Have a nice magnetic tank bag, got it last season for carrying my camera w a large zoom lens while shooting a cycling event. works awesome and i actually prefer riding with the bag on most of the time. My 91 just got a full repaint and i'm a bit obsessive about keeping the nice new paint nice and new.

what are some best practices for using a tank bag and keeping the paint nice?

thanks,

Yeah, it would be nice if they could develop small electro magnets in those tank bags. Something you could turn off and let and foreign material fall off before setting on your tank. I picked up a piece of metal on my bag and as luck would have it just happened to buy a two litre at the store. Put a nice deep gash down to primer on my tank. Looks sweet.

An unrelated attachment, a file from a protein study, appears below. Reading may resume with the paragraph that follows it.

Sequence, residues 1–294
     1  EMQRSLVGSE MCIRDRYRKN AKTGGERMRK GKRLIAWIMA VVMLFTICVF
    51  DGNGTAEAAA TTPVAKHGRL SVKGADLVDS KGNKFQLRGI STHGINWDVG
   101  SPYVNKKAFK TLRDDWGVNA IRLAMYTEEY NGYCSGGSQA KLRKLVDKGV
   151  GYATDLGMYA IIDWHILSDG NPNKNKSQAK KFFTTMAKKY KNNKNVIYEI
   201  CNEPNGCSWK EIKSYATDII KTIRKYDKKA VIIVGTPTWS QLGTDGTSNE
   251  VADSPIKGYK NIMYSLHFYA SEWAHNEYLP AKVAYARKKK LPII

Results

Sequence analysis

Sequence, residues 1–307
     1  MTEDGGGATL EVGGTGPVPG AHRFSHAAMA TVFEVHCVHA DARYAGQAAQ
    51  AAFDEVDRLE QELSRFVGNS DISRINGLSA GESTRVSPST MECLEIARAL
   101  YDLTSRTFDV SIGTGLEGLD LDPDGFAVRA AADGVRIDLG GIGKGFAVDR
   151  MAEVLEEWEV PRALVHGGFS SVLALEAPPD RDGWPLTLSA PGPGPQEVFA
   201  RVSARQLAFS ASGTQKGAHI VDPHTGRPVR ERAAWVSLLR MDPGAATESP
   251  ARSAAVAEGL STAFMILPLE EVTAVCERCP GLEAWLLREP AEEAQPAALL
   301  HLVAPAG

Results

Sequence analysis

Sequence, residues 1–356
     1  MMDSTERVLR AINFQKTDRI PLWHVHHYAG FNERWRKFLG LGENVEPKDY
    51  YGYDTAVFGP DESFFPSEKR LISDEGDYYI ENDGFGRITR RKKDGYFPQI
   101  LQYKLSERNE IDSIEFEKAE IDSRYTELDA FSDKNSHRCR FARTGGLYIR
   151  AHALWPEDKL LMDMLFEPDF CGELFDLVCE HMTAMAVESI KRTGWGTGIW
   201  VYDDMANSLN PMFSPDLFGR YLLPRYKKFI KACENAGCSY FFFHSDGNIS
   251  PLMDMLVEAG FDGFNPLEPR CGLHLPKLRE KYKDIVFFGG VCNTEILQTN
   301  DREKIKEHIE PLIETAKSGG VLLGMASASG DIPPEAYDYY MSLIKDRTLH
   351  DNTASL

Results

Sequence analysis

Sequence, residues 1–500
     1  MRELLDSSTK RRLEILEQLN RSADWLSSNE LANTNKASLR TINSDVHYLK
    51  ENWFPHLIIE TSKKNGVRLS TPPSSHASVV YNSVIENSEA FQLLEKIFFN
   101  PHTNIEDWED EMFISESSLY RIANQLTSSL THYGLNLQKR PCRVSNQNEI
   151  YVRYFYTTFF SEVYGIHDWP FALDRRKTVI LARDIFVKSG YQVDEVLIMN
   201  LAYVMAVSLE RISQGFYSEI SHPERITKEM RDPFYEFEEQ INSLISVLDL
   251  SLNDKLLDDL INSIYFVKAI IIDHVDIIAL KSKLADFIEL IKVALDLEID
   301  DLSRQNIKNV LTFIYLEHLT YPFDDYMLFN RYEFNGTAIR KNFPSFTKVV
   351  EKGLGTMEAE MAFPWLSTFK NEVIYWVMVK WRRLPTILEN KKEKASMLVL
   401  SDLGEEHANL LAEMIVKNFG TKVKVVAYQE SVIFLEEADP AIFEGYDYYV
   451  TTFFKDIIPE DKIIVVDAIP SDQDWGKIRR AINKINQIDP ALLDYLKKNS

Anyway, magnetic tank bag.. Convenient, but if you value your paint job don't put anything on your tank while your riding. Hell, dust from riding will collect and begin to sand your clear no matter what you do.


Don
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ribbert
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« Reply #13 on: May 13, 2015, 07:45:37 AM »

This bag system is what you need. I have used them for years now (I have 2 sizes) and they totally solve the paint problem.



They are Givi Tanklock bags.



Noel
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Arnie
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« Reply #14 on: May 13, 2015, 09:38:26 AM »

Noel,

Seeing your GIVI click-on bag inspired me to get one for my other bike that has a plastic tank with a painted plastic cover, so magnetics won't work.
I like the GIVI bag but am concerned about its security.  Not so much about someone unzipping it and removing the contents (you have that problem with any tankbag) but with someone just UN-clicking it and taking the bag and contents.
Got any ideas to prevent this other than carrying the bag ?

Arnie